Employers may also be keen to know how they will be able to use their vouchers in their “digital account.” Large employers could have to commit to significant apprenticeship training programmes to be able to use all of their vouchers. It may not be enough to support programmes in their own work-place and many employers are already considering what else they could do, for example using them to support apprenticeships at their suppliers. We anticipate considerable interest and engagement in the proposals that emerge over the coming months as employers start to consider exactly how the Levy affects them.
As reported in Flash Alert 2015-088 (17 July 2015) at the Summer Budget 2015, the government announced a number of potential changes in respect of the taxation of individuals who claim to be non-U.K. domiciled (“non-doms”). In October 2015, a consultation document was published and details of the questions asked as part of that consultation were reported in Flash Alert 2015-123 (12 October 2015). The consultation closed on 11 November 2015.
In summary, the government’s proposals introduced changes for two groups of non-doms: long-term U.K. residents and returning U.K. doms (that is to say, an individual born with a U.K. domicile who subsequently acquires a domicile of choice outside the U.K.). It was proposed that all non-doms who had been resident in the U.K. for at least 15 out of 20 years would become deemed U.K. domiciled from the start of the next tax year and would be taxed accordingly in the United Kingdom. For returning U.K. doms, it was proposed that they would reacquire their U.K. domicile for the duration of their stay in the United Kingdom. For inheritance tax purposes at least, a “residence condition” has now been attached to these rules such that to be caught, the returning U.K. dom must have been resident in the U.K.:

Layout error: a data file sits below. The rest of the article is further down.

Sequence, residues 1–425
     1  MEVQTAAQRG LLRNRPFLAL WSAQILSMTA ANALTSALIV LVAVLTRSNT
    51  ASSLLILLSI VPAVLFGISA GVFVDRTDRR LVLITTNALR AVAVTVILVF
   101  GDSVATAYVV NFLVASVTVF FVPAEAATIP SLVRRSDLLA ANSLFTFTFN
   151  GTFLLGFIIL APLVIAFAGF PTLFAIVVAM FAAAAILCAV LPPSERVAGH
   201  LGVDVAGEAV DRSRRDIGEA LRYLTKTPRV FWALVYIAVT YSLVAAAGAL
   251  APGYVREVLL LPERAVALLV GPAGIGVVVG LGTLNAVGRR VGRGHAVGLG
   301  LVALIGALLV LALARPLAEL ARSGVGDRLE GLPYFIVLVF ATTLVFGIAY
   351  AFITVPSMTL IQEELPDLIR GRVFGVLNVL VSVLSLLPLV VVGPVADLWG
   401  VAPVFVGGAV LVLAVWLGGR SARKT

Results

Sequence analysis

(a) at some point in the past; and
(b) in at least one out of the two prior tax years.
These measures are due to take effect from 5 April 2017.
Although the consultation has now closed, the government has only published the draft amendments to the inheritance tax legislation to implement the changes and has not published any other draft legislation to implement changes to the income and capital gains tax. In this respect, a response to the consultation and draft legislation is expected to be published in early 2016 and draft legislation to be published also at that time.
While we were expecting the income and capital gains tax draft legislation on 9 December, we welcome the fact that the government is taking the time to consider the representations made during the consultation period. This should still allow for adequate time to review and comment on the amended legislation, given the proposals will not take effect for over a year.
The main changes, and the changes most relevant for employers of internationally mobile employees, announced at Autumn Statement 2015 relate to Restricted Stock Unit (RSU) type awards (i.e., a conditional right to receive a specified number of shares on a future vesting date if conditions are met), which are a popular form of employee share award in U.K. listed and international companies.